Retail Fuel Station Acquisitions Still Red-Hot: Thorntons for Sale?
Mergers & acquisitions have changed the face of the modern retail fuel marketplace. It’s a trend that appears here to stay, with an OPIS exclusive shining a spotlight on the hot retail gas station M&A market, particularly the possible sale of Thorntons.
To set the stage a little…
As this Retail Pricing 101 post explains, two decades ago, most U.S. gasoline stations were branded to a major flag – like Exxon, Mobil, Chevron, Shell or Texaco. Chances are, back then you probably even had a brand-specific gas card.
But, in just the past 15 years, the retail marketplace transformed. That gas card is probably long gone from your wallet and new market players have emerged.
More recently, in 2017, we noted that c-store giants had yet to quench their thirst for retail fuel station acquisitions and had the funds to outbid smaller competitors. Such feeding frenzy could continue to keep transaction prices high for choice deals.
Cut to Current Retail M&A Events
Downstream retailers may soon find out how hot the market is for acquiring a “New Era” station chain.
OPIS has learned that Thorntons has retained investment bank Lazard to explore the sale of the high-volume and well-regarded 192-store convenience chain.
Louisville, Ky.-based Thorntons has been a mainstay of many Midwestern markets, but is best known as a dominant retailer in its home state. It also owns and operates stores in Indiana, Illinois, Ohio and Tennessee and built stations in the Florida market about four years ago.
OPIS has confirmed with multiple sources that Lazard is showing a “book” on the company. Such a sales effort comes as a surprise to those who note that the still-expanding company was looking for 100 new employees for full- and part-time positions as recently as late March.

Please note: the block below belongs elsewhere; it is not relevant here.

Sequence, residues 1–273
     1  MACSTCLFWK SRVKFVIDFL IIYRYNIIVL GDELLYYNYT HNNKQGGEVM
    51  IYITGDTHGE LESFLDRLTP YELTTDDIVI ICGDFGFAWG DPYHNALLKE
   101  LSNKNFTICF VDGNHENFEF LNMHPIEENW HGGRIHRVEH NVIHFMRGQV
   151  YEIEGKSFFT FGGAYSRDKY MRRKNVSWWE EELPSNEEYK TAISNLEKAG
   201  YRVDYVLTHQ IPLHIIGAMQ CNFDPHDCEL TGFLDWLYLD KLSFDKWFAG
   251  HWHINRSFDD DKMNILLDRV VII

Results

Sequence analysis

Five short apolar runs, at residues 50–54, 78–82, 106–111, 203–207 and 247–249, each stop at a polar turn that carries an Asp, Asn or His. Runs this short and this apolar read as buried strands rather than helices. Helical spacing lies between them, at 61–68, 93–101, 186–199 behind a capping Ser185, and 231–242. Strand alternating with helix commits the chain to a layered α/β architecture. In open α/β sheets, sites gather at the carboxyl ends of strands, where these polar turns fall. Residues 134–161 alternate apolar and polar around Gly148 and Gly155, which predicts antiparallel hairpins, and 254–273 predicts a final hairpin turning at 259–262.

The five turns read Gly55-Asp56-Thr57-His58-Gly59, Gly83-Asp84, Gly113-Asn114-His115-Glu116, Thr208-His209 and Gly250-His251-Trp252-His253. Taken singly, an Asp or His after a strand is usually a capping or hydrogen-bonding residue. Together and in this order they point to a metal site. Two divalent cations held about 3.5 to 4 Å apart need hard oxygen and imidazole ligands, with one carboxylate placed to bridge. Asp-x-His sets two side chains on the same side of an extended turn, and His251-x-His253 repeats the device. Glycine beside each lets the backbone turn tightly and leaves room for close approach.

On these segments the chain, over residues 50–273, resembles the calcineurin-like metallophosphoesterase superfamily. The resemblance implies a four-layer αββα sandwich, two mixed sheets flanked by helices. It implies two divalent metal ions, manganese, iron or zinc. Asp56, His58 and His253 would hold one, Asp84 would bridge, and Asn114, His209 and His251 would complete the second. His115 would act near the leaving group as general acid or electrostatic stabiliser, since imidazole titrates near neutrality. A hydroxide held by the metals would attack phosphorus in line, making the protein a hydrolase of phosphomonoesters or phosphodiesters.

A spokesperson for the chain said that it doesn’t “comment on rumor or speculation,” adding that “we see great growth ahead for Thorntons this year and in future years and we are very happy with our business.”
The motive for selling is not known, although high multiples paid for retail chains and the threat of eventual demand destruction may have played into the decision.
The company has been run by the Thornton family since it was founded in 1971.
Thorntons, By the Numbers
Among companies ranked by OPIS in terms of market efficiency (percentage of market share divided by percentage of total outlets in a given area), Thorntons ranks 19th in the country, typically boasting two or more times the share of average competitors.
Stores typically have high-end inside offerings and are viewed as exceedingly well-managed by peers, with an ability to purchase at highly competitive unbranded prices.
According to OPIS’ Retail Year in Review, Thorntons boasted market shares of 7.16% in Kentucky, 3.9% in Illinois, 2.34% in Indiana, 1.67% in Tennessee and 0.93% in Ohio; and 0.31% in Florida.
When its gasoline offering is judged against average unbranded costs, it has year-to-date average margins for regular of 12.8cts/gal, compared with 10.7cts/gal in 2017.
Observers believe that the company has long been able to procure product at very competitive numbers, so those gross margins are probably understated. Thorntons street prices average 3.63cts/gal below competitors, so the company prices gasoline aggressively in all areas.
A Perfect Match?
Who might be in to buy Thorntons retail assets? M&A experts polled by OPIS believe that there will be strong interest from consolidators as well as from companies that might view the Thorntons properties as a means of expanding in some key geography.
Marathon might be the most logical suitor, but would likely run into Federal Trade Commission issues, where its Speedway or Marathon brands overlap with the private brand. Marathon also has its hands full in what will be a multiquarter digestion of Andeavor refining, marketing and logistics assets.
7-Eleven is mentioned as a bidder, as is MAPCO, which is owned by a Chilean oil company that has clearly expressed interest in expanding. Casey’s could even be a buyer, given the challenge it has in gaining the scale necessary to avoid being a takeover candidate.
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